Christmas Celebrations and Our Longing for Heaven
Enjoy this guest post by writer Ruth Wood, editor of Comfort Café.
The Secret Longings of Christmas
“Bah Humbug!” you say. “I may love Jesus, but you can have these commercial Christmases. And if I hear one more sappy rendition of Frosty the Snowman, I’m going to lose my mind!”
Over the years I’ve been troubled by the increasing secularization of Christmas, by the distortion and even outright rejection of the true meaning of the season. But last year I had an epiphany. As I shopped, I couldn’t help but marvel at all the festive decorations in the stores—everywhere displays glittered in gold, silver, holly red, pine green. I was struck by the sheer beauty and splendor of it all. Driving home I passed one house after another decorated to the hilt with twinkling lights, Santa and his reindeer or smiling snowmen. The thought occurred to me, “It looks like the whole world is throwing a party!” And this got me thinking…
A deeper meaning.
Why would a society that has essentially rejected the babe in the manger go to such lengths to celebrate? “Christmas makes money,” you say. But why does Christmas make money? What is Christmas selling? I decided to set aside my frustration with excessive holiday consumerism and probe deeper.
Could it be that all this Christmas madness actually expresses deep longings of the heart? They say that Christmas turns the heart toward home. I pondered connections. Christmas/home. Heaven/home. This led to the following question:
How are the ways we celebrate Christmas tied to universal longings which can only be fulfilled in heaven?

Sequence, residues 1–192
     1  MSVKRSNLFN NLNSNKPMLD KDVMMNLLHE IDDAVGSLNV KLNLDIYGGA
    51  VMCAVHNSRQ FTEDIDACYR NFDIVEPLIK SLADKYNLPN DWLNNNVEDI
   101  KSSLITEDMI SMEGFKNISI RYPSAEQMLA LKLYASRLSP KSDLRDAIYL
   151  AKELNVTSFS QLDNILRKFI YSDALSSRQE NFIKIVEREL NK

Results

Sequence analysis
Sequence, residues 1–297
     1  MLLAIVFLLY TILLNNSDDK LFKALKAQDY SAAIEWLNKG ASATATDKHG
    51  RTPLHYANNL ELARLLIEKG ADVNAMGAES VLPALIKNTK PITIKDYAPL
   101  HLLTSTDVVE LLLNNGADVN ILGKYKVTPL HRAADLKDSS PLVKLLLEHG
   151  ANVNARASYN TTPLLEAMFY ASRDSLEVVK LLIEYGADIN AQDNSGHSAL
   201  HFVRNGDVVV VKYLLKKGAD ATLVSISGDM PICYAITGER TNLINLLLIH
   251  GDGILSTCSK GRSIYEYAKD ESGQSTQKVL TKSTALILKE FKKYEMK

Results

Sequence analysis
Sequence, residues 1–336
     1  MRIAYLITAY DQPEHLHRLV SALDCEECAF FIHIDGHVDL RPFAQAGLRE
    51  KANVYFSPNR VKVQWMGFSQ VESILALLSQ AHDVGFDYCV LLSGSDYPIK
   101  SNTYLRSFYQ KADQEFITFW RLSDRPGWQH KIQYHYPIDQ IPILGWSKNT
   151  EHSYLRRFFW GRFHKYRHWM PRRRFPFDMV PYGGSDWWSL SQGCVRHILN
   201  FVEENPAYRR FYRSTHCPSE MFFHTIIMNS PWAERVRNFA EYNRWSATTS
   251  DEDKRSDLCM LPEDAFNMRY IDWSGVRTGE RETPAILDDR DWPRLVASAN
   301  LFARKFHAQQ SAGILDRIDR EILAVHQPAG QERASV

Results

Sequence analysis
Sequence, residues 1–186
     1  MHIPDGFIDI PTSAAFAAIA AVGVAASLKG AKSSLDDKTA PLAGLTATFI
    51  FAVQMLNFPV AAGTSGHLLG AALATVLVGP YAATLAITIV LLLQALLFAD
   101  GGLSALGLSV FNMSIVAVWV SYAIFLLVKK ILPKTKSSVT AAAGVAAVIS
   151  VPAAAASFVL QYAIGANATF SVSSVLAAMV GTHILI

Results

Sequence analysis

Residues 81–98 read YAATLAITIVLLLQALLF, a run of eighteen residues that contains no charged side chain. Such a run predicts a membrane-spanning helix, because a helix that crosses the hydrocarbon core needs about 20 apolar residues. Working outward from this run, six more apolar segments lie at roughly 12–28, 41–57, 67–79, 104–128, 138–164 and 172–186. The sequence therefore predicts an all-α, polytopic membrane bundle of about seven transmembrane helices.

Christmas takes us home.
The song says it well:
I’ll be home for Christmas
You can count on me
Please have snow and mistletoe
And presents under the tree
Christmas Eve will find me
Where the love light beams
I’ll be home for Christmas
If only in my dreams
The universal longing: The lyrics, “Christmas Eve will find me where the love light beams,” evoke warm images of family and friends gathered around a softly lit tree, a fire crackling in the hearth, of laughter and gentle words of encouragement. Home is supposed to be the place where we belong. Where we’re accepted and loved. Where we enjoy the company of our loved ones. It’s a place of comfort, peace and safety. Home is a shelter, a refuge from the harsh elements. The place to come in from the cold for a cup of hot chocolate after playing in the snow.
Home is a cherished ideal in our hearts, especially because of what we believe it’s supposed to be and often is not. Many times our homes do not protect us from the cold realities of life. They’re not places of warmth and acceptance. And so we yearn for harmony in our relationships and peace in the world.
But perhaps the most unsettling truth about the earthly places we call home is their transitory nature. Something inside our souls is restless for permanence. For that place where we’ll never have to say goodbye ever again, to anyone or anything.
The fulfillment: Jesus said, “I go to prepare a place for you.” When we finally arrive on heaven’s doorstep, the door will be flung wide open and our loved ones will greet us with cries of joy. We’ll be immersed in one eternal hello, surrounded by pure love, bathed in a deep sense of belonging and acceptance. And we will finally have come in from the cold to the ultimate welcoming warmth, safe shelter, and comforting refuge.